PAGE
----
Monday, April 2, 2012

Monday's Musings on Sports - Bountygate - is this how the Matza crumbles?

Over the last month or so, I have been transfixed by the development of Bounty-Gate. As most football fans know, the scandal involved a pool which rewarded New Orleans Saints players for injuring opposition players. When the story first broke the focus of the media was on the figures at the top of the pyramid - the Saints assistant coaches, head coach and general manager who either knew about the pool, condoned it, participated in rewards or looked the other way.

Late Sunday night the story took an interesting turn as the media focus turned to the players who were involved in the head hunting. A source revealed that the NFLPA (the players union) had advised players that when they were being interviewed by the league in connection with the scandal, they should have a union rep (standard operating procedure) as well as a lawyer. The theory was that unnamed authorities were considering bringing criminal charges against the players for intentionally injuring other players.

This morning, the Mike & Mike show took this story to the extreme as Greenie (after evoking an admission from Golic that he did try to knock out other players) said that he wanted to make a citizen's arrest. They later brought Jay Bilas onto the show, but he begged out of representing Greenie in this endeavor as he had already been retained to bring suit against them on behalf of the "Cornpoke Gazette."

While it seems very far fetched that a prosecutor could bring charges in connection with injuries sustained in a sport where it is legal to hit and players regularly get injured on "clean plays", I began to think to myself - why would the players join a pool like this? The "payouts" for the hits were "only" $1,000 - $2,500 per player taken down. While awards of this type would be meaningful to the average middle class family, the NFL players making these hits had a median salary of $770,000 in 2009. Would an average Joe shoplift a fifty cent pack of gum and jeopardize his livelihood and freedom? Of course not. So why would a player earning three quarters of a million dollars annually put himself in a position where he could lose his ticket in order to pick up an extra thousand or two thousands dollars per game (max)?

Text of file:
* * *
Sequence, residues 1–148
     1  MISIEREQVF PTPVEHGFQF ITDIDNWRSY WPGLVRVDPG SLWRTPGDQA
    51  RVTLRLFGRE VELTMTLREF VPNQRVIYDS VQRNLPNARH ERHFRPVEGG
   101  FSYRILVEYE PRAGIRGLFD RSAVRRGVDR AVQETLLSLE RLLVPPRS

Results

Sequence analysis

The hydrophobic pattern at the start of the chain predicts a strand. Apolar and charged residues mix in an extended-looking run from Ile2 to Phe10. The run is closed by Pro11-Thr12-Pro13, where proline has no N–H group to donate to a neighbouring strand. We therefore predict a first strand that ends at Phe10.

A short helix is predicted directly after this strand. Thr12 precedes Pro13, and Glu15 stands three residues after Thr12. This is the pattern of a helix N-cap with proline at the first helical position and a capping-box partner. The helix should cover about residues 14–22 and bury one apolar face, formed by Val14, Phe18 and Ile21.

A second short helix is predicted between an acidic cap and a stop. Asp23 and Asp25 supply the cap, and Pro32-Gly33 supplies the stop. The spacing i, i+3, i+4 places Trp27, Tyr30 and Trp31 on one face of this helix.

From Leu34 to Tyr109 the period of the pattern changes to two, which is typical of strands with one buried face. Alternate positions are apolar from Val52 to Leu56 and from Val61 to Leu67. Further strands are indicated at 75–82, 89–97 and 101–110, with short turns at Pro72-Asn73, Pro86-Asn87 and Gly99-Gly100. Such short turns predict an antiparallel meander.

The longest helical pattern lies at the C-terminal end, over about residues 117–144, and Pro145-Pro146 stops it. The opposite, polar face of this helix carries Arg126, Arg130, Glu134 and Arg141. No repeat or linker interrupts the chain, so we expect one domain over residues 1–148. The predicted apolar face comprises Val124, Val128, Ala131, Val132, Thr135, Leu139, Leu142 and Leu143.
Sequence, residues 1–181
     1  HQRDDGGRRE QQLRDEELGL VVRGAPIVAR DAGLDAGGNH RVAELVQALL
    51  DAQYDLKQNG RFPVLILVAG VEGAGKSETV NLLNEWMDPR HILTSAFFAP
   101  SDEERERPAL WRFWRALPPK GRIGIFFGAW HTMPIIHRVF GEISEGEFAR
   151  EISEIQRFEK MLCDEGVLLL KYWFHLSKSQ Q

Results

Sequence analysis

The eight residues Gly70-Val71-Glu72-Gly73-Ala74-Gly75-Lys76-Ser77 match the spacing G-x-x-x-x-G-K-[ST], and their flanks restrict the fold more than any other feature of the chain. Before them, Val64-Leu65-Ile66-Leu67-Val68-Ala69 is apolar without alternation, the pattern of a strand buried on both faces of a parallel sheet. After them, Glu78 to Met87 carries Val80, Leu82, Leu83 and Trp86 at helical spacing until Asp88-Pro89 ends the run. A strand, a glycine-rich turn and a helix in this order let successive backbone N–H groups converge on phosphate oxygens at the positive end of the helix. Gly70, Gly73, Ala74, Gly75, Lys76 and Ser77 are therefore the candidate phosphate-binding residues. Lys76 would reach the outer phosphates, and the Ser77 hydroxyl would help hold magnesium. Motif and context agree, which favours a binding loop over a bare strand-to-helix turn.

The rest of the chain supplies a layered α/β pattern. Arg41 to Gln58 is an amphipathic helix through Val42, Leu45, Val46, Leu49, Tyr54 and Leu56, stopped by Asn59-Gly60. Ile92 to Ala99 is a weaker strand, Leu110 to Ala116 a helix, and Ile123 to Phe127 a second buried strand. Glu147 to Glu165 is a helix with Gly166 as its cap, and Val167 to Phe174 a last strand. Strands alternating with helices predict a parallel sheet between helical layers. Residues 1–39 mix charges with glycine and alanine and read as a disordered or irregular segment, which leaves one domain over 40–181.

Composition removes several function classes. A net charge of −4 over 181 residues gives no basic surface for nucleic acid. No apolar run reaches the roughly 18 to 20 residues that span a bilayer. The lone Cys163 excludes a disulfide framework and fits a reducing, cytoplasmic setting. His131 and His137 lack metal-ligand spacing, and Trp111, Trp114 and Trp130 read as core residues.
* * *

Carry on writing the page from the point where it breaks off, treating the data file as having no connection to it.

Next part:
The question made me think about a shiur that I heard from R' Frand about the matza that we eat at the seder. Early on in the seder we say the phrase "HaLachma Anya" - this is the bread of poverty that we ate in Egypt. R' Frand asked - why is it that we eat matza at the seder and point to this as the bread of poverty? Isn't the seder supposed to be a time that we celebrate being freed from Egypt? We should be rejoicing with raisin challah or some other rich bread and saying - thank you Hashem for taking us out of Egypt and making us free men!

Before answering the question, R' Frand prefaced his remarks by asking the question - would you rather be poor and happy or rich and unhappy? He said that the question had been asked to high school students and they overwhelmingly chose the rich and unhappy. He then posed the question to 8th graders via teleconference, but they were not as forthcoming with their opinions.

R' Frand asked how can a person say, I will have all the money that I want, but be unhappy? Doesn't everyone want to be happy? The answer is that in their minds they cannot be unhappy if they have money.

This can be a possible rationale for the actions of the players. They have well paying jobs, but the overwhelming desire for a few extra bucks blinds them.

The haggada teaches us the opposite concept. The seder starts by saying this is the bread of slaves. Why do we mention the matza and eat it? We read that the reason we eat matza is because the Jews were in a rush when they left Egypt and the matza could not rise. But by remembering this as a free man, isn't this the bread of freemen that we are using to remember that Hashem took us out of Egypt? The answer is yes - its both the bread of the poor and the wealthy. If you are happy, then its the bread of the rich man. If you are not, its the bread of the poor man.

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